A literary technique is a device employed in literature to add depth to a writer’s work. These techniques can be obvious, such as the technique of rhyme in a poem, or subtle, such as juxtaposition, which can go unnoticed by the reader. In The Things They Carried, Tim O’Brien uses many such techniques to provide more depth to his book. Four literary techniques used by Tim O’Brien are symbolism, pathetic fallacy, irony, and juxtaposition. One literary technique prominent in The Things They Carried, particularly in the story by the same name, is symbolism. Throughout this story, O’Brien mentions all the things that the soldiers carry with them, both physical and emotional. However, the physical items that the men carried is more than just equipment- they are symbols that represent various facets of each soldier’s personality. For example, â€Å"Rat Kiley carried†¦ morphine and plasma and malaria tablets and surgical tape†¦ and all the things a medic must carry, including M&M’s for especially bad wounds† (O’Brien 5). The fact that Kiley carried medical necessities shows that he is a good paramedic devoted to doing his job well, but the M&M’s represent something different- Kiley’s optimistic and kind outlook on the war and life in general. Conversely, the tranquilizers carried by Ted Lavender represent his terror of the fighting in the war and his inability to face reality, rather choosing to escape from it by taking drugs. This is an effective technique because, by using these symbols, O’Brien can let the reader figure out for him/herself deeper aspects of certain characters’ personalities without actually stating them outright. Another literary device Tim O’Brien employs is pathetic fallacy, or nature mirroring humans’ emotions. In the story Speaking of Courage, Norman Bowker attempts to save Kiowa’s life but fails. He becomes depressed and remorseful about what he should have been able to accomplish. For a long time afterward, Bowker struggles with the fact that he was â€Å"braver than he ever thought possible, but†¦ not so brave as he wanted to be† (153); he is overcome with sadness and guilt. This is reflected in the weather at the time of Kiowa’s death. The soldiers were camping out in a field along the Song Tra Bong, and â€Å"the rain kept getting worse. And by midnight the field turned into soup† (145). The rain emulates the emotions of the weary and despondent soldiers. Pathetic fallacy is a very useful technique because it helps to provide the tone for the story. If the story was a sad one but the weather was bright and sunny, the tone of the story would be wrong, and vice versa. In Speaking of Courage, the fact that it was raining during the main event of the story helps the reader gain and understanding of just how bleak and dismal the events that occurred were. Irony, or a discrepancy between expectation and reality, is another literary technique used by Tim O’Brien in The Things They Carried. Many of the titles of the stories contain irony themselves. For example, Speaking of Courage is more centred on the themes of failure and the inability to be courageous than it is about courage. The story Love is not, as it would seem, about mutual love, but rather unrequited love. Field Trip, an expression with a usually very positive connotation, is a story about a visit to a battleground where many lives had been lost. The Story How to Tell a True War Story also contains much irony within it. The main point of this story is that a true war story cannot be told because the simple act of telling it makes it untrue. The title of this story is ironic- O’Brien makes the reader think that he wants to instruct them how to tell a true war story, but the reader soon finds out O’Brien’s real intention- that telling a true war story is impossible. Another ironic idea within this story is the idea that war can be beautiful. You hate it, yes, but your eyes do not. Like a forest fire, like cancer under a microscope, any battle†¦ has†¦ a powerful, implacable beauty† (81). This catches the reader off-guard because of how greatly it contrasts with the view of war we have been previously given. He continues to say that, â€Å"a true war story will tell the truth about this, though the truth is ugly† (81). This is very ironic because although the actual event may be beautif ul, if a true story is told about it, the story is ugly. This adds to O’Brien’s point that telling a story, even a true one, can only take away from the truth of the event. Using irony, O’Brien can present his message in a creative an interesting way, and this helps the readers understand his point better. Another technique used by Tim O’Brien is juxtaposition. The story The Lives of the Dead seems to be a bit of a non-sequitur to the rest of the book, however, O’Brien has put it where it is for a reason. The point of The Things They Carried is not simply to tell stories about the Vietnam War- the lesson goes deeper than that. It comes to teach that war is about more than just fighting- it is about the connection between life and death. It is about learning to detach oneself from death. It is about the sacredness and fragility of life. It is about so many things that many people never have to experience. But the Vietnam War is not O’Brien’s first time coming into contact with these kinds of issues. As a child, he had a beloved friend named Linda who died of cancer. Linda’s death was a major part of his growing up process. As a child, he already had to learn to distance himself from her death, saying, â€Å"It didn’t seem real†¦ the girl lying in the white casket wasn’t Linda† (241). And although he did not realize it at the time, her death helped him to deal with all the deaths he encountered in the war. For example, when Curt Lemon dies, O’Brien refuses to see his body as a friend who died. Instead he says, â€Å"his body was not really a body, but rather one small bit of waste in the midst of a much wider wastage† (238). The lessons that O’Brien learned as a child are very relevant and linked to his experiences in the Vietnam War, which is why he chooses to include The Lives of the Dead. But this is not the only message that O’Brien wants us to take out of the inclusion The Lives of the Dead in The Things They Carried- he wants to convey that even though something that happens in one’s life may seem horrible and meaningless, it may become of use to him or her later in life, and it may help him or her to get through an otherwise unmanageable time. O’Brien wants his reader to know that everything in life comes for a purpose. Throughout The Things They Carried, Tim O’Brien makes use of many different literary techniques. In the story The Things They Carried, O’Brien uses symbolism. In Speaking of Courage, the literary technique is pathetic fallacy. Irony is used in How to Tell a True War Story, among others, and juxtaposition is used in the story The Lives of the Dead. It can be seen that literary techniques have a simple but powerful effect in The Things They Carried.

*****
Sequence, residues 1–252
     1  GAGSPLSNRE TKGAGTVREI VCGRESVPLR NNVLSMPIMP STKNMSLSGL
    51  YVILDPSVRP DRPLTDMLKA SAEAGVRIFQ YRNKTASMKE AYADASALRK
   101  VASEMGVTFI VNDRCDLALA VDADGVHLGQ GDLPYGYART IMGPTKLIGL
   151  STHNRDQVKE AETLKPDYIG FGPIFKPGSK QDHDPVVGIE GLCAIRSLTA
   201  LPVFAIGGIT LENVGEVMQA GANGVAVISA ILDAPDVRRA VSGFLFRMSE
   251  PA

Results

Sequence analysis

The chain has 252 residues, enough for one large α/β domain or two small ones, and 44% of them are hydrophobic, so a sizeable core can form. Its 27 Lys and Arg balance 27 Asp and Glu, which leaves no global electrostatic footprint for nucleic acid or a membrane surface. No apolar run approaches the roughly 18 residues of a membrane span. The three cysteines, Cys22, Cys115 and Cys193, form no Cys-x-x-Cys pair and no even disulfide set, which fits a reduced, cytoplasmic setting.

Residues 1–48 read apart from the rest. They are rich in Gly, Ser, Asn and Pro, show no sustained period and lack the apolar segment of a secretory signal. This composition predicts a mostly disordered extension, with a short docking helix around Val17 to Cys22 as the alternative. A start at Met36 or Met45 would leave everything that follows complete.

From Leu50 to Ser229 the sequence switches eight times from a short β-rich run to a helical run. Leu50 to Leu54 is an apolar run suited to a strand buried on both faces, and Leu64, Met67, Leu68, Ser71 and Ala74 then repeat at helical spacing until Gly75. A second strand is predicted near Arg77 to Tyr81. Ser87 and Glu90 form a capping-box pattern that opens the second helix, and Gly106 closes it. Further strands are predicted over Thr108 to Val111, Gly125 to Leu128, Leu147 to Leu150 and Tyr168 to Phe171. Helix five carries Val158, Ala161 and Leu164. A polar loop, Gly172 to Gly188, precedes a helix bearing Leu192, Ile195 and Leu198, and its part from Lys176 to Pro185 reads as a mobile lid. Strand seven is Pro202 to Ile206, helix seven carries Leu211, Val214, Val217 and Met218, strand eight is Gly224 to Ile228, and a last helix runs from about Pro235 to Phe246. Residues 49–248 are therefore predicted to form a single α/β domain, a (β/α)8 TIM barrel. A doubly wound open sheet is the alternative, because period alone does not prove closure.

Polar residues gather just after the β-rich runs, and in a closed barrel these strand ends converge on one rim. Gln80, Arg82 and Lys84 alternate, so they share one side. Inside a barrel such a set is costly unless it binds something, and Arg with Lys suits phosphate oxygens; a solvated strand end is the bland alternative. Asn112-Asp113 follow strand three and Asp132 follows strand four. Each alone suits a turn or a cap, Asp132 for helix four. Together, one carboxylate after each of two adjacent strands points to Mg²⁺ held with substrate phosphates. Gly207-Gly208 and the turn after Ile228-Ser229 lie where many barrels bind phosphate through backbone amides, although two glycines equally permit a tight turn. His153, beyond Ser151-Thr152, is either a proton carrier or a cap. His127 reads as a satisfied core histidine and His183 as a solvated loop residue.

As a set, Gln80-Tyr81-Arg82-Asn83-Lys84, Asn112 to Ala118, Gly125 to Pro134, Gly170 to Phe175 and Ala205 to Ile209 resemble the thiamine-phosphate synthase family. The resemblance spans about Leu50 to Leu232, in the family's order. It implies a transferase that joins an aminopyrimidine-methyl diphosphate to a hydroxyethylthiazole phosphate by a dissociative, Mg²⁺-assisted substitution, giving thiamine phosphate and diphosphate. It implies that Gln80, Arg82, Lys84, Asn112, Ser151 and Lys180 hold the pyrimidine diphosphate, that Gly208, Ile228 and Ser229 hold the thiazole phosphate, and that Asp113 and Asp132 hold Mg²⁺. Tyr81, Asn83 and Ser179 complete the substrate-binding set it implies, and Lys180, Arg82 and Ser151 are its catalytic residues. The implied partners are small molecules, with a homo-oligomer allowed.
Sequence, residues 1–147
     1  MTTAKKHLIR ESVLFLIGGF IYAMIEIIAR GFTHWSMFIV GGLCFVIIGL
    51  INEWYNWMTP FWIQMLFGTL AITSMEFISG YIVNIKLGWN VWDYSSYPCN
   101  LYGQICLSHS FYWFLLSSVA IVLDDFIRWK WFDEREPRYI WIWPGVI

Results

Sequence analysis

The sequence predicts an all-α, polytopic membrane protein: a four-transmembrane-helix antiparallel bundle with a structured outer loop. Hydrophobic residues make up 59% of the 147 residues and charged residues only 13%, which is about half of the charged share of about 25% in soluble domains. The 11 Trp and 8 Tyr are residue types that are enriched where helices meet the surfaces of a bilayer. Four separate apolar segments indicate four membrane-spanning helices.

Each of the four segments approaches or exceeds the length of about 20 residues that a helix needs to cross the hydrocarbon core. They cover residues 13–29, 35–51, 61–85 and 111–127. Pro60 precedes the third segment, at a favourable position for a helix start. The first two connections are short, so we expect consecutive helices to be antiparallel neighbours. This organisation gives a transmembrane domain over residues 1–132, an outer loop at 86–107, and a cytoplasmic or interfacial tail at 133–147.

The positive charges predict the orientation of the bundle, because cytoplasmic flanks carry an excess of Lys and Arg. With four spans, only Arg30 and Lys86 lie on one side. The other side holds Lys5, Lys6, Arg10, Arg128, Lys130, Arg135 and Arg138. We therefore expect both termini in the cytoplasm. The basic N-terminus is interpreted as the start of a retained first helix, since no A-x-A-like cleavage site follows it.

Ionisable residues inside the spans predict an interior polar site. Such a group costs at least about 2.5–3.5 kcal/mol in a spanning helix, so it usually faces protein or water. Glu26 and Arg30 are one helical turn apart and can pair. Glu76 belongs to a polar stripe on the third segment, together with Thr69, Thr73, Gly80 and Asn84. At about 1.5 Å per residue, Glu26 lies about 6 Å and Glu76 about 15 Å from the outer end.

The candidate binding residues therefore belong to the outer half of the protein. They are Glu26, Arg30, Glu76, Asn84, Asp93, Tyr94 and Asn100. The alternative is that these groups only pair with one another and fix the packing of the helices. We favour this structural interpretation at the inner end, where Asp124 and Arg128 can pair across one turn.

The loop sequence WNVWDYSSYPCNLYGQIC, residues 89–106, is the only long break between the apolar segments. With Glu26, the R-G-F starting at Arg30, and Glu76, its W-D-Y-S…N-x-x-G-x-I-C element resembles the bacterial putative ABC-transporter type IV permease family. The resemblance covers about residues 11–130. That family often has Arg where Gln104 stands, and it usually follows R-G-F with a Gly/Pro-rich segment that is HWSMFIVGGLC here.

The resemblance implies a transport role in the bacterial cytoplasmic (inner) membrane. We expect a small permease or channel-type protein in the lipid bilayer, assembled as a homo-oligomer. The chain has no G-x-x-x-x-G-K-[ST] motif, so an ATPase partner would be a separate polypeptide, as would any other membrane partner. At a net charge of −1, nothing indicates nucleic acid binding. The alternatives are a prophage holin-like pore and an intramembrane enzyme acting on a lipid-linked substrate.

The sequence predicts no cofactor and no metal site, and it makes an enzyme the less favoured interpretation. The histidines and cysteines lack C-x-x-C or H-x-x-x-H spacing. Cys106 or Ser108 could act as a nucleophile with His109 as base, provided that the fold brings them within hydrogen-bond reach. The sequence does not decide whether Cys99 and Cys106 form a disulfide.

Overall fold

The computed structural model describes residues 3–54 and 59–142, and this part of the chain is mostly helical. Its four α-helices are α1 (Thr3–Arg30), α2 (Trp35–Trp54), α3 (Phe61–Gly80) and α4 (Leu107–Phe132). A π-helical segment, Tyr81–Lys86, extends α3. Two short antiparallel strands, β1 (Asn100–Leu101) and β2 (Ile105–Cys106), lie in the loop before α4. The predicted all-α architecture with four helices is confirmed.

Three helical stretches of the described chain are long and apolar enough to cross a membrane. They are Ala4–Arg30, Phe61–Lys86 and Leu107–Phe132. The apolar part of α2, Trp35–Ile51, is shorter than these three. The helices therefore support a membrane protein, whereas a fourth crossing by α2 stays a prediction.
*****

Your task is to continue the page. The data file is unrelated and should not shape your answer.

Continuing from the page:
Monday, September 16, 2019